Written by Leonie Pentz, VP Sustainability AIMS International

The history of science shows us over and over again that, in order for any species to survive, it needs to be able to adapt to changing environments. The same, of course goes for business. For me, in essence, this is what sustainable business means – how we adapt and position ourselves in order to survive when resources are becoming scarcer by the day and consumers more demanding by the minute. When we think about sustainability, most of us think in terms of green energy or animal welfare. And yet, it is so much more than that. Why not try to dissect each and every part of your supply chain – primary, secondary and tertiary and start asking the tough questions;


  1. Start by questioning your current ideas about economy and business – are they even still relevant? Are they future fit?
  2. What are the threats to your business which you cannot control? Availability of resources, climate change and rising demand (urbanisation and population growth). Consumers, regulators and shareholders are changing behaviour and demanding more from your business – safety and security, fair trade, carbon neutral, etc. etc.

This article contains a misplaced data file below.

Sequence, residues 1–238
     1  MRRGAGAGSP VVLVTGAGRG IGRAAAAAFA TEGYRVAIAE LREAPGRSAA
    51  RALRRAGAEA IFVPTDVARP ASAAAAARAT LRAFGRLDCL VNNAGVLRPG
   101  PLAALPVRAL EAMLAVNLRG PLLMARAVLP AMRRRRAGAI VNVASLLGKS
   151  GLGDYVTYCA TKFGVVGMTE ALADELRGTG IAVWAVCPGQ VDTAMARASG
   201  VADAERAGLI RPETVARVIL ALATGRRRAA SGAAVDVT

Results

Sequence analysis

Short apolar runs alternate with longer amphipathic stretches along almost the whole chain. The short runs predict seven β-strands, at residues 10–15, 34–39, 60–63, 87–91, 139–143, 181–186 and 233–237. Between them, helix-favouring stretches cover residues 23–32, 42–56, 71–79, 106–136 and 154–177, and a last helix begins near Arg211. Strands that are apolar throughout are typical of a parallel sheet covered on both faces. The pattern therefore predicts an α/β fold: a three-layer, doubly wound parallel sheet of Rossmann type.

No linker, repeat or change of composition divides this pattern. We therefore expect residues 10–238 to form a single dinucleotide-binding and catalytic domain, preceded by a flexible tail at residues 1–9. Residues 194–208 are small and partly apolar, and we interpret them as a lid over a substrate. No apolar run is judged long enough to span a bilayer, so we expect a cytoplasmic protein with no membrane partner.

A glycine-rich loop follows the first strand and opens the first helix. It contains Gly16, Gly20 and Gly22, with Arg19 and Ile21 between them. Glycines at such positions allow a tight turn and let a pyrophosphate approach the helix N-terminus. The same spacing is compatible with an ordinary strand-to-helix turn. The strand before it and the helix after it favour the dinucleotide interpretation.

3. The world is in a cycle of fast and constant change, irrespective of your profitability. Remember: the Darwinian adage; it is not the strongest of the species that survive, but those most adaptable to change. Do not become a dinosaur.
  4. Sustainability can mean that, in your business context, you continue doing the same things, but change the way you do them OR it could mean you do something totally different.


  1. Embrace change – be open to new experiences, change is the one thing you can rely on.
  2. Intimately understand what your business (and key stakeholder) needs are – what external resources / people are you dependent on?
  3. Develop a deep understanding of your environmental risks – what risks could arise within your environment AND what risk do you pose to the environment?
  4. Hire and develop your key staff – for agility, for resilience, a propensity for knowledge and an ability to operate in a climate of uncertainty.
  5. Build relationships – and open dialogue with key stakeholders, this is your temperature gauge to the world around you.
  6. Use less – i.e. become more energy and water efficient, less reliant on resources.
  7. Use differently – i.e. substitute scarce resources for abundant or recycled materials.
  8. Prioritise safety – of your people, community and your environment.
  9. Support fair labour – all the way down and up your supply chain.
  10. In short; show the world that you care, starting at home.

Written by Leonie Pentz, VP Sustainability AIMS International